More than 22% of the engineering workforce at Newport News Shipbuilding (NNS), a division of HII, are graduates of Old Dominion University.

That number could rise dramatically.

NNS, the largest industrial employer in Virginia and a division of the largest shipbuilding company in the United States, will be the lead industry sponsor of the Monarch Accelerator Program to Engineering (MAP-to-E), which aims to increase the number of engineering and engineering technology majors and degrees, particularly from underrepresented and underserved communities in Hampton Roads.

NNS will make a five-year gift to the program with an invitation to renew for another five-year term. The program also hopes to meet the growing workforce demand for engineers at NNS, which is planning to hire more than 300 entry-level engineers over the next 12 months.

Dave Bolcar, NNS vice president of engineering and design, calls MAP-to-E “transformative” as it connects with students in their first year at ODU, guiding them toward success in their studies and rewarding careers at the shipyard.

“As we grow our already strong partnership with Old Dominion University, the MAP-to-E program is a logical extension of that work,” Bolcar said. “We’re designing and building the highest-quality aircraft carriers and submarines for the U.S. Navy at NNS, and we can’t wait to welcome more ODU students to that important national security mission as part of our shipbuilding team.”

MAP-to-E, patterned after successful engineering accelerator programs such as those at the University of Colorado and the University of Washington, works as an “academic redshirt program” for students who are talented and bright but not ready for the stringent math and science needed before entering engineering.

Redshirting – a concept commonly used in college athletics – allows a student to delay college competition in order to be fully prepared both physically and academically.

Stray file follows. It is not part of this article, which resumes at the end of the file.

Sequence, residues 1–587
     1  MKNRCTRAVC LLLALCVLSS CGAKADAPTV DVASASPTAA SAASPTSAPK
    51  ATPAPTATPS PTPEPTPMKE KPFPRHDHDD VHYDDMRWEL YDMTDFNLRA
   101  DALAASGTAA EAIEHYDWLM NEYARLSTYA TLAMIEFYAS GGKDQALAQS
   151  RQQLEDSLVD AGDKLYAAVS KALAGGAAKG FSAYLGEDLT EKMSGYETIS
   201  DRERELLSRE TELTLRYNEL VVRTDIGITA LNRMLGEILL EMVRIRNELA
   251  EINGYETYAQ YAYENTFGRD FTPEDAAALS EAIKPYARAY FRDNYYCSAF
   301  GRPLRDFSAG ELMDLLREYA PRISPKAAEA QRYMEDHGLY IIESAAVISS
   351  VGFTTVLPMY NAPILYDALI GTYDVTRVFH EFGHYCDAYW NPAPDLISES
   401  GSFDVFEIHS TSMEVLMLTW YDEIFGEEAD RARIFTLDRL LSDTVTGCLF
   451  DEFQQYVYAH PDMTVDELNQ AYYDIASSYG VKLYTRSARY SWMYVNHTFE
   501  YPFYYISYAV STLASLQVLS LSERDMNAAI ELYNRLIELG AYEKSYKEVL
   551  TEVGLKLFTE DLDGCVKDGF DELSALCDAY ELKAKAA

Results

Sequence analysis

“These are largely talented students with unrealized potential who have the ability, aptitude and desire to be successful in engineering or engineering technology but have not had the opportunity to take the necessary math and science classes while in high school,” said Kenneth Fridley, dean of the Batten College of Engineering and Technology.

“Many of these students are either first-generation college students, or the first in their family to study engineering, and come from underserved communities and underfunded schools,” Fridley said. “These students, through no fault of their own, have not had the opportunity to be adequately prepared to transition directly into an engineering program upon entering college.”

The Monarch Accelerator Program to Engineering aims to:

  • Increase the number of full-time engineering and engineering-related students enrolled at ODU.
  • Increase the number of full-time students from underrepresented and underserved communities in Hampton Roads.
  • Increase the number of diverse and first-generation students pursuing careers in engineering and engineering-related systems.

This is NNS’s second major gift to ODU in recent years following the establishment of the NNS Scholars program that endows academic scholarships awarded annually to qualified junior, senior and graduate students studying engineering, business or computer science. MAP-to-E will open the door earlier to expose and prepare freshmen to engineering and engineering technology careers and to take part in NNS partner initiatives on campus, including the NNS co-op program and internships and mentorships, a key offering for NNS Scholars.